The large island is a dream with its ample counter space, high faucet with pull-out sprayer, double sink, and tons of drawer and cabinet storage. There are two electrical outlets (4 plugs) – one on each side of the opposite side of the island – which are convenient for plugging in small appliances like toasters, mixers, etc. One of our pet peeves about our old camper was the crazy and inconvenient locations of the power outlets, so it was something we paid special attention to when shopping for an upgrade.
The bathroom has two entrances, the regular door from the main area and a sliding door from the bedroom.
I was glad to say goodbye to the shower curtain in our old camper -we have solid doors now! There’s also a small linen closet in addition to the medicine cabinet and under sink storage.
Taking a shower in here is wonderful – it’s nice and roomy and the skylight is a nice touch.
The bedroom has an additional A/C unit if needed (it’s roof air and is louder than the Whisper Quiet ducted system) but even though our first trip was extremely hot and humid, we never needed to run the second unit. Our old camper only had a power outlet on one side of the Murphy bed, but this one has them on both sides, and one even has USB ports!
The third slide-out contains the large closet in the bedroom with sliding mirrored doors and additional shelves and drawers.
Having a closet this large will make a huge difference on longer trips.
Here’s the view showing the sliding door into the bathroom and the door leading back to the main area. There’s a digital thermostat on the wall to control the secondary A/C, though there are vents for the main ducted system in the bathroom and bedroom as well, so plenty of air gets back here even on hot days.
The other thermostat is located near the bunk room. I know I keep mentioning it, but having a quiet A/C system with a digital thermostat and a fan that actually turns off when the system is not cooling is amazing. The obnoxiously loud unit with its constantly running fan in our old RV was our #1 most hated and irritating feature of the whole thing and now we can actually be cool and comfortable without listening to what sounds like a jet engine in the room with us.
Okay fellow parents, here’s the game changer… the bunk room. Our kids have their own room. With a door. And not only do they have their own room, but that room has the 4th and final slide-out, so they have plenty of space to play!
On the side with the slide, there’s an upper bunk that can fold up out of the way, and on the bottom the kids have their own dinette! We thought this was an amazing perk of this floor plan. They can use this dinette for drawing, blocks, games, or eating. As is standard in most RV’s, the dinette can collapse to a bed if needed.
On the other side is a nice deep upper bunk and a lower sofa. The back cushions can be removed so the sofa can be used as a lower bunk. Our oldest is currently too scared to sleep in the upper bunk, so he’s been sleeping below for the time being. There’s netted shelves on the back wall for toy and book storage as well as a mount for a TV, which we will be installing before our next trip.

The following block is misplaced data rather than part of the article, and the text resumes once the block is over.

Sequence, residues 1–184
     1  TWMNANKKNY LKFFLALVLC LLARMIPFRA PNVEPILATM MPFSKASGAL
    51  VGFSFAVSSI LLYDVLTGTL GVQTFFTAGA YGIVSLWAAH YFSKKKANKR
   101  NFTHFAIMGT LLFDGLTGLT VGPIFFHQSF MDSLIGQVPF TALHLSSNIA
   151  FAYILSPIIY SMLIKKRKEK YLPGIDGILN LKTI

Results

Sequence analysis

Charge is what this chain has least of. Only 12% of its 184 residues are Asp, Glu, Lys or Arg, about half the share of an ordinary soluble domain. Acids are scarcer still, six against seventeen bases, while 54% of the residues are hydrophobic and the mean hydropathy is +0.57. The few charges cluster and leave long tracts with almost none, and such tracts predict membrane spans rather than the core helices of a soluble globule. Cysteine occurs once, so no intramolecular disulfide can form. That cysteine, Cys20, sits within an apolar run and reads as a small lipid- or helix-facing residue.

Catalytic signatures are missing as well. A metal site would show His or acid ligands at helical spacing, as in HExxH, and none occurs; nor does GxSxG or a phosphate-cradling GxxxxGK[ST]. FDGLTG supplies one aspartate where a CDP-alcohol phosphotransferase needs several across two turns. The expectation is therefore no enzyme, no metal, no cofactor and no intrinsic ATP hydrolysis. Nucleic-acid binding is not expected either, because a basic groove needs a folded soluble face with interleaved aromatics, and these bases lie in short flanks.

Note about the upper bunks: My husband is currently building a custom “crib rail” for the bunk above the dinette, since that is where our youngest will sleep (she slept in her Pack ‘n Play on the floor during our first trip since we didn’t have a better way to contain her at the time). I’ve had many people email me to ask about solutions for kid safety in RV bunk beds, so I’ll be doing a full blog post on the design and construction process of the rail as soon as it’s complete, so stay tuned!
There are a couple of deep drawers under the lower bunk/sofa and the under-dinette storage actually has doors to access it! This is a big deal since every other RV I’ve traveled in throughout my life requires that you remove the dinette cushions and remove a panel to get to this storage area, which is a bit cumbersome. These doors are a Godsend!
This is the main bunk room closet with two compartments and an additional netted storage cubby for toys next to the upper bunk.
The camper has a powered tongue jack – a nice feature though not one that we required, since Matt claimed that the manual jack on our old camper worked fine and wasn’t difficult to crank.
The pass-thru storage compartment is narrow for such a large camper, though adequate for our current outdoor storage needs.
Watch enough RV-buying shows or browse enough RV forums and you’ll learn that outdoor kitchens top the must-have list of many prospective buyers. We’ve never understood the universal obsession with outdoor kitchens, but since the floor plan we wanted didn’t have an option without one, here we are. There’s a storage cabinet with TV mount (we likely won’t put a TV here), a sink, pull-out 3-burner cooktop, dorm fridge, and drawer. We didn’t do much cooking during our inaugural trip with this camper so I’ve yet to give the kitchen a try in an attempt to understand why people seem to be so obsessed with them. I’ll check back in once we’ve used it and update my opinions.
See our tour of our previous camper, the Passport Ultra-Lite 238ML
See our list of Loves and Hates about our Passport camper.